Network - Summer 2010 - (Page 29)

O Feature The Role of Human Resources Departments By Robert Bacal, M.A. S ome human resources (HR) departments (sometimes called personnel or a current new name) really add value to a company. Some don’t. That’s no surprise. But what sets apart the good ones from the bad ones? Here’s one way of looking at it. Some human resources departments have maintained an old command and control mentality, where they see their jobs as making sure managers and employees are doing what they are supposed to. Is everyone on time? Why not? What about sick leave? Are all the rules being followed? It’s not that these departments are misguided, because some rules, (e.g. hiring practices, safety, harassment, etc.) ARE important and need to be handled centrally by a company. Or, certain programs and procedures may best be handled by a central department because of the need to coordinate some actions across the entire company. Problems arise, however, when the HR department forgets that its purpose is to serve the needs of the company, the managers and the employees, to help THEM get the work done. After all, is your company’s human resources department a profit centre? Of course not. The HR department doesn’t produce anything or sell anything but it can help the rest of the company make things or sell things by smoothing the path on some matters. What sets good HR departments apart from the bad is that the bad ones lose their service orientation, and forget that if they don’t help others get their jobs done, they won’t get cooperation from those they should be helping. The good ones recognize that while they are obligated to do some regulation of some processes, they NETWORK O Summer 2010 What sets good HR departments apart from the bad is that the bad ones lose their service orientation. can play important leadership roles in the organization. And that does NOT mean dictating, but rather balancing off the needs of the organization with the needs of the managers and employees. What would this look like? Let’s take an example: performance appraisal. Poor HR departments go about performance appraisal this way: They devise a set of rules and forms on their own, then go forth (if they have executive support) and TELL managers and employees what they SHALL do. They tend not to consult, or if they consult they just forget to listen to the people who have to use these sometimes monstrous procedures. What happens is that since HR tends to be somewhat distant from the users of the system, the process misses. Managers and employees see the process as another hoop to jump through, and stall, or avoid doing what they are supposed to. What happens is that HR then has to move into the police or enforcer role, to try to coerce managers to do what they are supposed to do. O 29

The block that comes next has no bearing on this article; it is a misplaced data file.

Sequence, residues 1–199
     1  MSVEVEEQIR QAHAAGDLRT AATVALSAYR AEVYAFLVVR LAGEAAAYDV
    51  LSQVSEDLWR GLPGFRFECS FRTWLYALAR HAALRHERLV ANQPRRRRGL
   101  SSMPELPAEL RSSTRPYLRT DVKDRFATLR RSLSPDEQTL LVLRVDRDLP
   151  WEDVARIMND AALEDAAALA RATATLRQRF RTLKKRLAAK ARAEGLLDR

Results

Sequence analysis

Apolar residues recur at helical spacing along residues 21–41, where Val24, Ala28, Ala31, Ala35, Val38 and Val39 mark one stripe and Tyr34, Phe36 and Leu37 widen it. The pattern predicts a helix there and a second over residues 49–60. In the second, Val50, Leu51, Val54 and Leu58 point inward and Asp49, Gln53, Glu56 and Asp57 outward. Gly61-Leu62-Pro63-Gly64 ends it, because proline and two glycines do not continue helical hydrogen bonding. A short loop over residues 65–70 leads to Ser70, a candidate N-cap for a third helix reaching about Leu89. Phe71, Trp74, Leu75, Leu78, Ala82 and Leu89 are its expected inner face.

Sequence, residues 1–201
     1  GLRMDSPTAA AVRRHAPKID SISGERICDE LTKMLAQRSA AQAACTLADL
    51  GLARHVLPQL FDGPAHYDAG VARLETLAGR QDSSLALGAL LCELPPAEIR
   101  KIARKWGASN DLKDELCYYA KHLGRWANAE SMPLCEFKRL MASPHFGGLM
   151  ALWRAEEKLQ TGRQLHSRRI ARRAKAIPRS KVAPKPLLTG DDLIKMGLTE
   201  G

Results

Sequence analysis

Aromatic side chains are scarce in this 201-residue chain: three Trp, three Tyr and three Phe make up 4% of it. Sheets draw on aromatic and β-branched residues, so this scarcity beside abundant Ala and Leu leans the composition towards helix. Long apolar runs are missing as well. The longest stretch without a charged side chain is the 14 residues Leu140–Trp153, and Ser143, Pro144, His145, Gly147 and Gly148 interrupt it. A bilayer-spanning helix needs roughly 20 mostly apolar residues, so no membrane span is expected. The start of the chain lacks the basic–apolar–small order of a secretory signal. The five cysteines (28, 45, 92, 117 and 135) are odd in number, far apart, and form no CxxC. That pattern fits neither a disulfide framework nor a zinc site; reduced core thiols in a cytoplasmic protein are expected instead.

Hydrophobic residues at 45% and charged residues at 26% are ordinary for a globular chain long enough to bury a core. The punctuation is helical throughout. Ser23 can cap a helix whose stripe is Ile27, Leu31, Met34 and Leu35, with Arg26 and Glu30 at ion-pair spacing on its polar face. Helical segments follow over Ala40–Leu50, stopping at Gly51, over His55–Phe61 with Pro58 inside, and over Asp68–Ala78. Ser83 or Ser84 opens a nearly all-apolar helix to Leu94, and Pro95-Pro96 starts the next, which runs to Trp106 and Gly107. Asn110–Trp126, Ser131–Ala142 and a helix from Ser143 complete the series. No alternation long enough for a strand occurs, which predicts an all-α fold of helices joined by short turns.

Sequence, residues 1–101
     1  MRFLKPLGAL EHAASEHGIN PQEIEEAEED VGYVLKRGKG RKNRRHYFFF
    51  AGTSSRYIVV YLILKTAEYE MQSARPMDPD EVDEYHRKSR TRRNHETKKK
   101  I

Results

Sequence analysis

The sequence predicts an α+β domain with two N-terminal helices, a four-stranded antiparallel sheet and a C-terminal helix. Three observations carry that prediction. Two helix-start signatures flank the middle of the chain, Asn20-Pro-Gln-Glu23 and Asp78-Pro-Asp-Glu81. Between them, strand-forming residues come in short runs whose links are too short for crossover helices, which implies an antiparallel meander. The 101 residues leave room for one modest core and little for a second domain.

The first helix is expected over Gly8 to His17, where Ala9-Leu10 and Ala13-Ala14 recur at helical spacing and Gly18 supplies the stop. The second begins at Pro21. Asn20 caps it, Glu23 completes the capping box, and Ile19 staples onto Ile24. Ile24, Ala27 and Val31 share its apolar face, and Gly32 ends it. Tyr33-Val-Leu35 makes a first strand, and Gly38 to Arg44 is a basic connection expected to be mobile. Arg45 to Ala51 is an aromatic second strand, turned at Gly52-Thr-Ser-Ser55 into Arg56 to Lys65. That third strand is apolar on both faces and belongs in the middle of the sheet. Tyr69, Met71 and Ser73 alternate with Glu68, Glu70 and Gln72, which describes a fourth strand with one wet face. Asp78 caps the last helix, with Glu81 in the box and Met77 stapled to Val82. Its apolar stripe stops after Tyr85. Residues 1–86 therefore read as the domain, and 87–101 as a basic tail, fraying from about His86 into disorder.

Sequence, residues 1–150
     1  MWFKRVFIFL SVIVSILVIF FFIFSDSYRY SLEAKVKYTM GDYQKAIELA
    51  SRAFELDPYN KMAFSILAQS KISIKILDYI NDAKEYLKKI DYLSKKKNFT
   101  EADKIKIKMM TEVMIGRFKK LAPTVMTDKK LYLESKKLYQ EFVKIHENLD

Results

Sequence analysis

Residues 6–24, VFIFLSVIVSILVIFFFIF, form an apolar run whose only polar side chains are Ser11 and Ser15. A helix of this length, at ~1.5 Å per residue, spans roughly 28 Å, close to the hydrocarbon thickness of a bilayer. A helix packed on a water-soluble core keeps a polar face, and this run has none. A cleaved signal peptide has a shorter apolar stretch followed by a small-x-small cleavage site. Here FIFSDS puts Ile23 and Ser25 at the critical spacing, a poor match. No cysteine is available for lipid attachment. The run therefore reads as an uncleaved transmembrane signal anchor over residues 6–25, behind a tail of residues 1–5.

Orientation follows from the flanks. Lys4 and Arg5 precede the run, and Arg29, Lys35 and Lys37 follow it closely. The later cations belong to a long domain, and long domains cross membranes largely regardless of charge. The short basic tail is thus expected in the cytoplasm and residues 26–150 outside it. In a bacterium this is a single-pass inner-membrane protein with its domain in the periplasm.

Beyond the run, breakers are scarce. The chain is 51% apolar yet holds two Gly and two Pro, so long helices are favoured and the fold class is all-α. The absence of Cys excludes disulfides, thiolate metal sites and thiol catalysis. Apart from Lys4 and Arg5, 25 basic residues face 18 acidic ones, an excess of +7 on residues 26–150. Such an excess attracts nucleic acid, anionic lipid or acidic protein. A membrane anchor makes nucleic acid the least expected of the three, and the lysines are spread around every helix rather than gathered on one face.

Table of Contents for the Digital Edition of Network - Summer 2010

Network - Summer 2010
HRIA President’s Message
Congratulations to our Award Winners!
HRIA Conference Coverage
Coaching Conversations Support Organizational Effectiveness
Strategic Human Resources: Avoiding Circular Conversations
Leading with Emotional Intelligence
Making the Case for Enhancing Employee Engagement
The Role of Human Resources Departments
Innovate or Evaporate: The time to act is NOW!
Positioning Yourself for Executive Roles Now
The HR Office
Index of Advertisers

Network - Summer 2010